Magnetic wormhole connecting two regions of space created for the first time

“Wormholes” are cosmic tunnels that can connect two distant regions of the universe, and have been popularized by the dissemination of theoretical physics and by works of science fiction like Stargate, Star Trek or, more recently, Interstellar. Using present-day technology it would be impossible to create a gravitational wormhole, as the field would have to be manipulated with huge amounts of gravitational energy, which no-one yet knows how to generate. In electromagnetism, however, advances in metamaterials and invisibility have allowed researchers to put forward several designs to achieve this. —> Read More

Israel Reveals Beautiful 1,800-Year-Old Sarcophagus

JERUSALEM (AP) — Israel has unveiled an 1,800-year-old sarcophagus that workers found at a building site and initially tried to conceal.

The Antiquities Authority called the sarcophagus, which was shown to media Thursday, “one of the most important and beautiful” ever found in Israel.

The two-ton limestone coffin features a life-size carving of a human figure wearing a toga on the lid and designs around the sides, including a Medusa head. Archaeologist Gaby Mazor says the piece dates back to the 3rd century and was likely commissioned by a wealthy Roman family.

Antiquities Authority Spokeswoman Yoli Shwartz says it was damaged when workers unearthed it at a construction site. Contractors then hid the piece, fearing it would force them to halt work. She said legal action would be taken.

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I’m Leaving Behind Friends and Family for a Year on NASA’s Simulated Mars


The first step to a successful

As they have been all week, the camera and radio crews were gamely keeping pace behind us. For a long-time journalist, and near-as-long-a-time scientist, the sudden shift in perspective is somewhat dizzying. I should be on the other side of the mic, of the camera. Of the world, really. In a lab somewhere, or in a hospital. My white coat and leather doctor bag are almost within reach, packed next to hiking boots and trekking poles.

Over the last week, I’ve swapped air conditioned corridors for lectures on spacesuit maintenance and nine-mile geology hikes through the wilderness. On one of these treks we learned about the different types of lava in the area around the dome, including the sharp black type we were — very slowly — driving over just then. Aa is the name of the rock. “AAAAAAAHHH!” is the sound that you make when trying to traverse it.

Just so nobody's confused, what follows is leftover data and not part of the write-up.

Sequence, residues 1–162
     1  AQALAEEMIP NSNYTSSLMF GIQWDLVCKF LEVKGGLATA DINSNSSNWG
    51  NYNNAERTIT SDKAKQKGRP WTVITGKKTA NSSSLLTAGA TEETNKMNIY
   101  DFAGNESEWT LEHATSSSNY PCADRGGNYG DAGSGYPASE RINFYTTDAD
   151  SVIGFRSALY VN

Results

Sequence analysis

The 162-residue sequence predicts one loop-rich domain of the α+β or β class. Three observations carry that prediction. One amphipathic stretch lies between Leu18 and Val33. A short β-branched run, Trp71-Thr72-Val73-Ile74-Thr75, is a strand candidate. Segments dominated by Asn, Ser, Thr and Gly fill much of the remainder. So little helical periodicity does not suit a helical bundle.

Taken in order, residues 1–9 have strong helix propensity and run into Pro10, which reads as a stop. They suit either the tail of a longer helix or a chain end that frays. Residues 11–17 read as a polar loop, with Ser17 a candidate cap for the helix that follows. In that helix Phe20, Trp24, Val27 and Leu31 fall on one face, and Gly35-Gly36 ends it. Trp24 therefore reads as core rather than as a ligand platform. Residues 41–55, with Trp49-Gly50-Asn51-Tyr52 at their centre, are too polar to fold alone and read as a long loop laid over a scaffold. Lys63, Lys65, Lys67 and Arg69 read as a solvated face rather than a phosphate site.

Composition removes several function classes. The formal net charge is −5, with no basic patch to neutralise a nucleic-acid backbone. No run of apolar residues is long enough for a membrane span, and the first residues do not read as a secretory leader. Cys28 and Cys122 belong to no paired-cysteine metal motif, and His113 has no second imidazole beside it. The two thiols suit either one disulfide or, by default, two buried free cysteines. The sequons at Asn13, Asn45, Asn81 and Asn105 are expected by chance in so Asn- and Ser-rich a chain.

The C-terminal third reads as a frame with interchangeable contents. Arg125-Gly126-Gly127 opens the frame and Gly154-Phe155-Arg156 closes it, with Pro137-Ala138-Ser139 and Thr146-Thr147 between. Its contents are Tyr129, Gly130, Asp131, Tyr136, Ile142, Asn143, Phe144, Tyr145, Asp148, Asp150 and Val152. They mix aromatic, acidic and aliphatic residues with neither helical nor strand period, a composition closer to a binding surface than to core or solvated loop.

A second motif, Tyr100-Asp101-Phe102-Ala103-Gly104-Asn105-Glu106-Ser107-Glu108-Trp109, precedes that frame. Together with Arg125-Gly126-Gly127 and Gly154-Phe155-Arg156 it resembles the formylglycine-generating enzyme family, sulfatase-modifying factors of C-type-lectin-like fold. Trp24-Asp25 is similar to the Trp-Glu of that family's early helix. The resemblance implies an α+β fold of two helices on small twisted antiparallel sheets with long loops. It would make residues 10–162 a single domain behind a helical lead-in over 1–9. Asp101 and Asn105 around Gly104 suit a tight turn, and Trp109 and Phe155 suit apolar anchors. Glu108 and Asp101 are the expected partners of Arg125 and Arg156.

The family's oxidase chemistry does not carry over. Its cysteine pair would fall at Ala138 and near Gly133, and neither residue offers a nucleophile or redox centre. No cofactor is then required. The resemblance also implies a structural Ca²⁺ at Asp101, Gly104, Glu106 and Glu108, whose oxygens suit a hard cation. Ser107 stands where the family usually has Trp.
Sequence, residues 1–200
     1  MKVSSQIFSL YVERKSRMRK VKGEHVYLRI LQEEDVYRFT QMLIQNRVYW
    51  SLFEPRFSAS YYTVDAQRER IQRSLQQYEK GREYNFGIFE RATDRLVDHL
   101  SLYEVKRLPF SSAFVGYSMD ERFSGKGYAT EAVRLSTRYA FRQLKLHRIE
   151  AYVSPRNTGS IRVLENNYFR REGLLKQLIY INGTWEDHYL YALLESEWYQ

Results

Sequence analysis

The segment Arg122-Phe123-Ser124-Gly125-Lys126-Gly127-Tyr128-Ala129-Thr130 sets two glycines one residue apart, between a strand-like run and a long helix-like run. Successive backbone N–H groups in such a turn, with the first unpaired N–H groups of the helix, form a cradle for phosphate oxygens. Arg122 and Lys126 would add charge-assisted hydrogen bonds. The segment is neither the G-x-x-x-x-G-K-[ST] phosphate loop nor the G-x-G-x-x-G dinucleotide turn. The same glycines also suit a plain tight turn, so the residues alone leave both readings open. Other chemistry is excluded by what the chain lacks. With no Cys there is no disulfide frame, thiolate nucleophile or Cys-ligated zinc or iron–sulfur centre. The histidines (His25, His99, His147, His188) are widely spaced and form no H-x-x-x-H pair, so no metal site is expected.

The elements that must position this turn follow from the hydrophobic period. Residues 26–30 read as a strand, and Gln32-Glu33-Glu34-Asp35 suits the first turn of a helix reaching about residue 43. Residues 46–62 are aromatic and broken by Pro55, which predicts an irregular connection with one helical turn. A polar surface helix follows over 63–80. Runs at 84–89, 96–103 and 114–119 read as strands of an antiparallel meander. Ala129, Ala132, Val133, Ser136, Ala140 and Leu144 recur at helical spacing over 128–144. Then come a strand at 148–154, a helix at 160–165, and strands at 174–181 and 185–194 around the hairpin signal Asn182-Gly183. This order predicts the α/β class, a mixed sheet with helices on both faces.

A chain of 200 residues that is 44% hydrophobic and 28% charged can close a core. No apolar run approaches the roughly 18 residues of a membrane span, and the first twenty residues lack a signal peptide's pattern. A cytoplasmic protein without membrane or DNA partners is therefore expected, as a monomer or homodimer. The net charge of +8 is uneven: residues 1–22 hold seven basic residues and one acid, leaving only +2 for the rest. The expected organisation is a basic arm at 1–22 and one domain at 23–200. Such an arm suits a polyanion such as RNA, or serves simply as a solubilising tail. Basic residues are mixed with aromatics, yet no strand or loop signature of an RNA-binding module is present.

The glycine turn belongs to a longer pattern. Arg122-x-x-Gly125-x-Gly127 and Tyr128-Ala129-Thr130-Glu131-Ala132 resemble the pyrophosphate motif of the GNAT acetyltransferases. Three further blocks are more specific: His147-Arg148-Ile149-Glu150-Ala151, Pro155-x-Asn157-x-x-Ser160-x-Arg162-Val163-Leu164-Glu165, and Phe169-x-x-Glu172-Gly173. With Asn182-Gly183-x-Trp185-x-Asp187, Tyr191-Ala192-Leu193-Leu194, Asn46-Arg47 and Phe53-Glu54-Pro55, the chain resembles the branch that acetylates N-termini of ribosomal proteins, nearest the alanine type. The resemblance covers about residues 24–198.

The bulk of the van swayed sharply to the left. Right on cue, the crew said, “AAAAHHHHH!” and began laughing. After a few moments, the quiet descended again, and stuck. The rubber of the tires ground painfully against the iron-laden ground. We surged forward.

What do you say during your last few minutes “on Earth”? The door of the dome will close. When it does, until August 28, 2016, we’ll lay down our iPhones. We’ll pick up telescopes and tweezers, try to conserve power and water, rehydrate food. Between making the science happen, cleaning house (dome) and shooting outreach videos, we’ll all have more to do than can be done in a year.

Yet, I somehow fear not being able to fill all those minutes of time.

This is, of course, thoroughly irrational. I’ve seen our schedule. It’s enough to give —> Read More

Mars One Mission Called ‘Unsustainable,’ And Here’s Why

The finalists for the Mars One mission might want to think twice before accepting that one-way ticket to the red planet, according to Sydney Do, a graduate research fellow at the Massachusetts Institute of Technology.

Mars One is an initiative to establish a permanent human settlement on the planet. But speaking to HuffPost Live on Wednesday, Do said that doing so would be “unsustainable” and “unfeasible” due to cost.

He explained:

A one-way mission inherently goes on forever, so as soon as the crew members land on the surface, you have to keep them alive for 50 to 70 years or however long you expect them to live. To keep the systems going, you need to continually send spare parts to the surface of Mars over time… the technology that is required is just not there yet.

Watch HuffPost Live’s full conversation about Mars One here.

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What would it really be like to live on Mars? Check out the “Talk Nerdy To Me” episode below to find out.

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